The Hero and The Helpless.

Many times we read the bible with pre-filtered lenses. Some stories we hear so many times that the true meaning has been lost in a sea of application, and the story no longer has any appeal. These stories need to be heard with ears that are hearing them as though it is for the first time. And some times we have to put ourselves into the original audiences’ shoes. We have to think as they thought. We have to feel the pain and joy that the ancient people felt when first hearing the words in the Word of God for the first time.

So let’s take a moment to look at a popular story with new eyes. Maybe if we can see a story from the perspective that the people heard it, it would bring to light more of what the author and God intended. This story will be about a man who we will call “Nathan.”

Nathan was a soldier. And in a time of great conquest, he fought often. Israel’s army had taken on foe after foe, and they were continually reigning victorious. Nathan was just relieved he had survived for so long. Israel had just gotten its first king, and they had been victorious and successful with him. This also made Nathan happy. Saul had done a remarkable job at making Israel a nation not to reckon with.

Nathan’s perspective, however, changed after Israel’s fight against the Moabites. God directed Saul – through Israel’s last leader, Samuel – to kill every living thing associated with Moab. So, battle broke, the Israelites were victorious, and it was now time for Saul to kill the Moabites’ king and their precious animals. The soldiers however, with Nathan included, thought that it wouldn’t be a good idea to kill them. It wasn’t civil, and it wasn’t what other nations did.

When Samuel came, he was furious. And all Saul could say was that he did what the people wanted. He was truly a king of the people, and he was afraid of them. But Saul was so caught up in pleasing the people, that he didn’t do what was best for them. Ultimately, it was Saul’s insecurities that did him in.

From that moment on, neither Nathan nor God saw Saul fit to be the leader of the People of God.

Some time later, Israel was again at war, this time against a group called the Philistines. The Philistines didn’t want to fight like the Moabites did. So they made a suggestion. The Philistines and the Israelites would each bring out one fighter to act as a representative for the people. One fight between two men would make the decision of who would be victorious.

The Philistines choice was simple. Goliath was a giant. He towered over the people. His shield alone weighed more than most men’s entire armor. And because of his stature, the Israelites struggled to find someone to go against him. The people cowered in fear.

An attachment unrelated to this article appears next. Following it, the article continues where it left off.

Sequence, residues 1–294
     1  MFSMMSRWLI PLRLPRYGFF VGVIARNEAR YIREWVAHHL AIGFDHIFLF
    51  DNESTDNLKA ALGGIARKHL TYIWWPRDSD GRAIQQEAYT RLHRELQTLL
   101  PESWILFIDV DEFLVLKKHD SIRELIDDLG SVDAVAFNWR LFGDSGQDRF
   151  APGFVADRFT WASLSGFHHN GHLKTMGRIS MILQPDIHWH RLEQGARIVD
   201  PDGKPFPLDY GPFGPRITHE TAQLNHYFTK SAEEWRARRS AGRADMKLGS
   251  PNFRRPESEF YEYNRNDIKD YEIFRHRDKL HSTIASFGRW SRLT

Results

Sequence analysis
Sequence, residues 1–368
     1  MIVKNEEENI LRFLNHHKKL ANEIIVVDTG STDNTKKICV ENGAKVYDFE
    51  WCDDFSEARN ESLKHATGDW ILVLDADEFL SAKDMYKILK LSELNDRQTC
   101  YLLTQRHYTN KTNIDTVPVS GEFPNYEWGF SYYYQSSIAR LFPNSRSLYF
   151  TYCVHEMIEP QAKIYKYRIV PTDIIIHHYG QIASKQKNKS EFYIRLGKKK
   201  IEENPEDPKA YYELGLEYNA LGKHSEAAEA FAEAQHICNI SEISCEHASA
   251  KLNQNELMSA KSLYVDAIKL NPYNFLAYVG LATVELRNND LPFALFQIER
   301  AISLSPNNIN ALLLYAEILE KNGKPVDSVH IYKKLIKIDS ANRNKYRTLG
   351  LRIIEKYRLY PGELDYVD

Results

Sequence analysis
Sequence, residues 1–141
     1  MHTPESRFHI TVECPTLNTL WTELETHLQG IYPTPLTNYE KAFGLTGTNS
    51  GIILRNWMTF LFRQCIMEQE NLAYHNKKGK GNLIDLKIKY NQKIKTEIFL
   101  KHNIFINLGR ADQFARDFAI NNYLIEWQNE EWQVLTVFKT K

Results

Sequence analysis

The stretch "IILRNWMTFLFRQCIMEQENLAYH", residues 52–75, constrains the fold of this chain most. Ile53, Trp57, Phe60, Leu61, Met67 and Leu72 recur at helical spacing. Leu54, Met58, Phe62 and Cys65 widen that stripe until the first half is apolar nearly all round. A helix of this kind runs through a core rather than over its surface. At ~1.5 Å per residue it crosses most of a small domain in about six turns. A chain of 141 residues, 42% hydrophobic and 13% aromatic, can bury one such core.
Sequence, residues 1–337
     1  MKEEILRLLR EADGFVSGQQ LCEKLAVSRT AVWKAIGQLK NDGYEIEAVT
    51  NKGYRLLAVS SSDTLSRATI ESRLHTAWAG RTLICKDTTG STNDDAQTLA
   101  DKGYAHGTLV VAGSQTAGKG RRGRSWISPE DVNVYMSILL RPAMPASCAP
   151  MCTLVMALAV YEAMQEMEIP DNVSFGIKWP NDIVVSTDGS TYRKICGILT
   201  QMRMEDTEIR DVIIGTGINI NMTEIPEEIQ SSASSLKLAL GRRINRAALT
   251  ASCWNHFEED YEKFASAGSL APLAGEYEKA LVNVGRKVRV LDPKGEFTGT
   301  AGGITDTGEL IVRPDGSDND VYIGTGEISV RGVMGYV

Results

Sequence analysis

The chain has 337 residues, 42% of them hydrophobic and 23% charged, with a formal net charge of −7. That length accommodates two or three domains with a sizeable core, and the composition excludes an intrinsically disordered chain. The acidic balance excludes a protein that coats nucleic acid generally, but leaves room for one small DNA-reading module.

Nathan thought that Saul would step up to fight the battle against Goliath. Saul himself was a whole foot taller than any other Israelite. Why not have a Clash of the Giants? But Saul stayed in his tent. He would not come out. And again Nathan, this soldier, saw Saul behave not like their leader… but like the rest of the men. Goliath came out day after day, and like routine, all the people, including Saul, would hide in fear.

It wasn’t until a stubborn boy visited one of his brothers that the situation changed.

This boy’s name was David. David looked at Goliath, and he didn’t see a giant. David saw a man. And Goliath was a man with the ignorance and arrogance to blaspheme against God. David decided that he would be the representative for the people of Israel. He couldn’t let anyone say anything against his God! Nathan and the other soldiers didn’t think this was a good idea, but what else were they to do? No one else would stand up to Goliath. Nathan’s friend and David’s brother Eliab actually mocked David for coming in the first place. What difference was this boy going to make? He didn’t even go out to battle wearing armor.

There they stood: face-to-face. David and Goliath. Nathan, Saul, and the other soldiers stood with anticipation along the side of the battlefield. How would the fight end? Would Israel have to accept defeat against the Philistines? It was time for the battle to begin between these brutes. But, before the giant could even get a swing out of his sword or throw his spear, David rushed at him and sunk a stone deep into Goliath’s forehead with his slingshot. It wasn’t long before Goliath’s head was disassembled from its frame, and David was holding it high up in the air with victorious acclamation.

It was at this moment that Nathan knew two things:

He knew the battle was won. He and the rest of the Israelites stormed the Philistines because they knew the giant was defeated, and they knew that God was with them. When Goliath stood, the people hid in fear. But now that Goliath was defeated, there was nothing to be afraid of.

Nathan also knew now who the true representative of the people was. David was the true leader of the people. When the people were cowering, David held his ground. When the people feared, David stood up for them. He stood up for God. He was willing to be their representative. And Nathan would follow David into any battle, because he knew God would be with him.

David was the king the people didn’t deserve.

He didn’t cower with the rest of them.

He stood against the giant.

He acted as their representative.

Jesus is also a King we didn’t deserve. And unlike any earthly king, Jesus allows man the choice to serve him. When the monster of Sin-and-Death reared its ominous head towards humanities’ way, Jesus decided to be their representative. Jesus would fight the Giant of Death.

We are so pretentious to think that the story of David is our own. We aren’t the heroes in this story. We aren’t the ones who fight the giants. We are the helpless. We are the ones who hide in the shadows day-in and day-out, waiting for someone to come to our rescue. We are the ones who storm the enemy after the Giant is slain and the victory is won.

We are Nathan.